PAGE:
The first brick schoolhouse was a two-story building, built in Nevada in 1858. It was located on the corner of Fifth Street and I Avenue, facing west. Otis Briggs, a member of the original board of education, purchased the bell for the school in 1859. The cost was equivalent to the value of 80 acres of Story County land. The bell was placed inside an eight-sided cupola surmounting the brick schoolhouse. It would ring out to remind children of the village to begin their school day.
The schoolhouse was the scene of gatherings and significant incidents that were history-making. In 1865, the bell had rung out joyfully when word reached the little village that the Civil War was over. Fourteen days later, it slowly tolled at the sad word of the death of beloved president, Abraham Lincoln. The bell would also be rung for village fires. A boy, named Izaac Hawthorne, got a “licking” for ringing it as a fire alarm when there was no fire. A yellow frame building was added in 1865 when enrollment increased, and stood north of the block in the middle of the street now known as I Avenue. The bell hung in the first brick schoolhouse until 1876, when the new building, which stood on Ninth and J Avenue, later known as Central grade building, replaced the first brick schoolhouse and the yellow frame building.
The two outgrown buildings and the lots upon which they stood were sold to T. E. Alderman, father of Mrs. Minnie A. Mills. Mr. Alderman wrecked the brick structure, using some of its material in the construction of a residence. For a number of years was occupied as a home by his son, Oscar Alderman, and his family; it stood there until a few years ago. The yellow frame building was used as a horse barn for a number of years until it was torn down.
In 1942, George Connolly, who had been given the original 1859 schoolhouse bell by William Briggs, son of Otis Briggs, presented it to the school. A tower was designed to resemble the tower the bell was enclosed in on the first brick schoolhouse. It was dedicated on Sept. 11, 1942. It sat between the 1908 Science building and the 1918 High School building, in front of the 1875 Central building. Pep rallies often took place around the bell — it was referred to as the Victory Bell.
“It is veneration of traditions such as this that makes our American Democracy what it is,” said Charles H. Hall, guest speaker at the dedication. Time was when the bell’s clear sweet tones could be heard a distance of two miles — but that was eighty-three years ago when the little village — and the bell — were new.
The erection of the Victory Tower has been largely a labor of love — Lew A. Larsen said its masonry would be his very best — it is. Mr. Larsen, who lacked six months becoming an alumnus of N.H.S., let Jack Belcher, who makes his home with him, lay the first and last brick. The octagonal tower was the handiwork of Supt. H.C. Willis Sylvester — a high school alumnus. The bell itself is the gift to the Nevada schools from George Connolly, who had received it from the late Wm. Briggs. Mr. Connolly, whose name appears upon the dedicatory plaque, and who had treasured the bell for many years, was called upon last night during the ceremony around the Victory Tower and made a few appropriate remarks. He was the first to enter the tower for the ringing of the historic bell. His granddaughter, Marcia Connolly, a NHS sophomore, acted as emcee as the large audience formed a semicircle about the tower. The bell was rung by Bill Sapp as representative of the high school, Clarice Maland as representative of the junior high and Larry Houston for grades.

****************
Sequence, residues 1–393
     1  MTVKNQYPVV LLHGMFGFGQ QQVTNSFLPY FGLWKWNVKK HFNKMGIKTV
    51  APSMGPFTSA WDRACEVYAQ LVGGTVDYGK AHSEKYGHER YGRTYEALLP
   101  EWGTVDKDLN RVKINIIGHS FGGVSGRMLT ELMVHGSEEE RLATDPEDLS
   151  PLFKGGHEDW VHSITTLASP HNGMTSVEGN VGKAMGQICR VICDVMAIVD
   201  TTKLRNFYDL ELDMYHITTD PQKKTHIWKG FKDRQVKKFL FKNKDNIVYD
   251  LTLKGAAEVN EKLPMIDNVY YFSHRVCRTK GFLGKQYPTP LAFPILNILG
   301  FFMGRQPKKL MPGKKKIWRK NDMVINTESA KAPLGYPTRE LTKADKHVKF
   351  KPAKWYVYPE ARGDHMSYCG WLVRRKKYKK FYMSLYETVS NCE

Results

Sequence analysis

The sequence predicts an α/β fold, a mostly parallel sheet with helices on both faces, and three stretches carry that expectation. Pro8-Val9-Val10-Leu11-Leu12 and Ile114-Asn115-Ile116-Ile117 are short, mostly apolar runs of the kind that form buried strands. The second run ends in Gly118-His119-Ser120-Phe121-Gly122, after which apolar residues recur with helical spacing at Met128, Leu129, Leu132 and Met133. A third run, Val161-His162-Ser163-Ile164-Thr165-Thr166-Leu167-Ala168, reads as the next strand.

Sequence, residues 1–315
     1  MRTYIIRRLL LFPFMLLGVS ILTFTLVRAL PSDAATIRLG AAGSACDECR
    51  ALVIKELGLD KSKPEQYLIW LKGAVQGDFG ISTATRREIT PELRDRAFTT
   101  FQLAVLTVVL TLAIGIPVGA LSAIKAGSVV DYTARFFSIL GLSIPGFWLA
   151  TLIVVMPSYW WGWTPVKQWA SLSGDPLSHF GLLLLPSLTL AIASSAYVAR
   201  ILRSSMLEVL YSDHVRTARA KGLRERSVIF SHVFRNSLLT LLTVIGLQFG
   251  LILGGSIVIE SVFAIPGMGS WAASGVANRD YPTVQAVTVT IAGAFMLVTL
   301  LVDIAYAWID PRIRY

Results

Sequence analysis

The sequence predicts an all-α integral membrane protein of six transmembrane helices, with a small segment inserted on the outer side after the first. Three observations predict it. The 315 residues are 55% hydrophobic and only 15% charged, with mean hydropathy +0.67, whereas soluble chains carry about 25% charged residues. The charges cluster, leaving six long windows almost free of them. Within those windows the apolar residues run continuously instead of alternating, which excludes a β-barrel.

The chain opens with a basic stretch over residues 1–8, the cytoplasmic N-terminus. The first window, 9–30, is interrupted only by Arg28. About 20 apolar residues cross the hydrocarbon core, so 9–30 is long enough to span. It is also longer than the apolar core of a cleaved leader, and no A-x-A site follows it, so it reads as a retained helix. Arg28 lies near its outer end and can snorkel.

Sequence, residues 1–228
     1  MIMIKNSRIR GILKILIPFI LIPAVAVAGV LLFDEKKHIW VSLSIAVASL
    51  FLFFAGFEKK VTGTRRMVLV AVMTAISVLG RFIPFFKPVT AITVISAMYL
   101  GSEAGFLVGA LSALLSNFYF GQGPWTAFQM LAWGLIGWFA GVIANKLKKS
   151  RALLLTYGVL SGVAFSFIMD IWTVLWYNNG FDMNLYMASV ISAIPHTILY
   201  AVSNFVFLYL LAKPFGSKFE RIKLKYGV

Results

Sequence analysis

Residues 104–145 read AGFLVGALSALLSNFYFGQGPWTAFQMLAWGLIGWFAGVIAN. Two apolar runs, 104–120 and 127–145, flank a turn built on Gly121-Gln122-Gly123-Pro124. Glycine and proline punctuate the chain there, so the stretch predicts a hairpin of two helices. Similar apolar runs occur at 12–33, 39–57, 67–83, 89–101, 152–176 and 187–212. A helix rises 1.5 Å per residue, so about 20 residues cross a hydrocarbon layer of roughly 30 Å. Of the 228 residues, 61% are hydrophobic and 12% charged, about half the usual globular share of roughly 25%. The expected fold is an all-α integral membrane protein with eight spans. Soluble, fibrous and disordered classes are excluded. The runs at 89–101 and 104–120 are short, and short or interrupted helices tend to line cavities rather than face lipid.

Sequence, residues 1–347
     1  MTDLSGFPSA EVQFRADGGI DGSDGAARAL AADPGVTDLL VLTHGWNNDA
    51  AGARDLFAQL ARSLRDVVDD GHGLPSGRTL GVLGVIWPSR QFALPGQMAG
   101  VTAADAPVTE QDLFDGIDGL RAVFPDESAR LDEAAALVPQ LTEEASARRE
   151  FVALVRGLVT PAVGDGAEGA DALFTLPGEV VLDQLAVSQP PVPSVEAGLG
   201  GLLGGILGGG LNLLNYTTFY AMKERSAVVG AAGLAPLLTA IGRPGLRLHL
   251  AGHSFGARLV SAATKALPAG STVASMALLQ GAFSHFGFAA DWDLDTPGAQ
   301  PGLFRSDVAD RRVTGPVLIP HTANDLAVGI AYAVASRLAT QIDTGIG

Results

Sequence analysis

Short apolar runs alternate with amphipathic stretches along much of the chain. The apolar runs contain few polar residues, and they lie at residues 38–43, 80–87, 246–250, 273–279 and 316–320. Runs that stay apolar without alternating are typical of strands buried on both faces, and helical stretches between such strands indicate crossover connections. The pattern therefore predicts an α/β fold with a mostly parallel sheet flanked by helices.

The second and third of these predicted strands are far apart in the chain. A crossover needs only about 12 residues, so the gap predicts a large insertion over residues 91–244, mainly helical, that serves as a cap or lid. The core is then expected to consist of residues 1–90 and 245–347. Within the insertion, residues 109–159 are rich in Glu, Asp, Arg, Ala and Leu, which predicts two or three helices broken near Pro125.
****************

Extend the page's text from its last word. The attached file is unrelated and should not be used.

While the bell itself has, for many years, outlived the usefulness for which it was originally purchased, its value in sentiment and as a memento of the early days is immeasurable.
Its return to school at this time seems epochal for it would be but repeating history to ring for the cities of our Armed Forces and for the men and women of the Nevada schools who are scattered all over the globe. Again, could it speak, it would utter a prayer to speed the day when it may again ring announcing the end of another great conflict. (Nevada Evening Journal, 1942)
In 2016, with the help of volunteers and Nevada Community School alumni, Linda Griffith at the helm, the bell was placed once again on the Nevada Community school grounds. Its new home is in front of the Central Elementary building. In addition to the bell getting a new tower, a time capsule was buried in the southwest corner of the concrete base that holds the bell. The time capsule contains a copy of the Nevada Journal, the article of the girls’ basketball team going to state, a Nevada Community school paper and information on the bell.